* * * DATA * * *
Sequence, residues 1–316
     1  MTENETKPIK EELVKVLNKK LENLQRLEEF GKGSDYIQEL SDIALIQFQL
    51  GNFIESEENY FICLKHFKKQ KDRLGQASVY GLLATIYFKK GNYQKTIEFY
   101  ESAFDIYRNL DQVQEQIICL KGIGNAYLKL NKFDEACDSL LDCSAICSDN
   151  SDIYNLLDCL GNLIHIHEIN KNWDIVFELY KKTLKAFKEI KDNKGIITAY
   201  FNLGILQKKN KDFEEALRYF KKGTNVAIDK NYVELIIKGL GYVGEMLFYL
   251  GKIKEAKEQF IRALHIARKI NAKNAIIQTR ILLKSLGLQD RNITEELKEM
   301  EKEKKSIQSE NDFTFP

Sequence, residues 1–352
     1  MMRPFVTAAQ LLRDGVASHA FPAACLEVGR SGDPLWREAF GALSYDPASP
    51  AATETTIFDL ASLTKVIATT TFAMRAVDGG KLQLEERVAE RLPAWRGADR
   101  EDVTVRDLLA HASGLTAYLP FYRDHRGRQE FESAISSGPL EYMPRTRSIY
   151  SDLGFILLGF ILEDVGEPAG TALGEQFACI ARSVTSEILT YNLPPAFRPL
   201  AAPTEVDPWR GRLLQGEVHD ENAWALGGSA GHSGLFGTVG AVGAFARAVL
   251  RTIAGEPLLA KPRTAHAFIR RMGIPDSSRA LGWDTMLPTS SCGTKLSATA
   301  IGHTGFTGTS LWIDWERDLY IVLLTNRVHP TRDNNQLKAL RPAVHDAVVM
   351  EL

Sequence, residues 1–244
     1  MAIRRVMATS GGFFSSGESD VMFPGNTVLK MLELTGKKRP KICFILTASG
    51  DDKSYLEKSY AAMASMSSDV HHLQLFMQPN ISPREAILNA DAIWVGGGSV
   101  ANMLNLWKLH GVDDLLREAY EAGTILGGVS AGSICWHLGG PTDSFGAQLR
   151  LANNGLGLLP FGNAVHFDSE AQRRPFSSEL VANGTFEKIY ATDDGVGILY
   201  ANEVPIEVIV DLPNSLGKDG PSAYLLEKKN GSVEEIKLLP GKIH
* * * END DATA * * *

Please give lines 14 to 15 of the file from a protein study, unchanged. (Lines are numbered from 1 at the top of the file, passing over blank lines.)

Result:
   201  AAPTEVDPWR GRLLQGEVHD ENAWALGGSA GHSGLFGTVG AVGAFARAVL
   251  RTIAGEPLLA KPRTAHAFIR RMGIPDSSRA LGWDTMLPTS SCGTKLSATA